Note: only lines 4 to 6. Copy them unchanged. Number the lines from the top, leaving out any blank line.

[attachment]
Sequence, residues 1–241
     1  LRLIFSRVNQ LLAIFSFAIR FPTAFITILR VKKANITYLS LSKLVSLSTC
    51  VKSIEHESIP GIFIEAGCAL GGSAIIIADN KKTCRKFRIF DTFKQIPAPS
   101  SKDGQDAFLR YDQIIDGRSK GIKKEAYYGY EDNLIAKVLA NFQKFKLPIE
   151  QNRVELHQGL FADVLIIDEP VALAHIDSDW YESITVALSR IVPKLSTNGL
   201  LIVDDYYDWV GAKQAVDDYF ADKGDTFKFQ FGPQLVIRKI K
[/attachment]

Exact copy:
   101  SKDGQDAFLR YDQIIDGRSK GIKKEAYYGY EDNLIAKVLA NFQKFKLPIE
   151  QNRVELHQGL FADVLIIDEP VALAHIDSDW YESITVALSR IVPKLSTNGL
   201  LIVDDYYDWV GAKQAVDDYF ADKGDTFKFQ FGPQLVIRKI K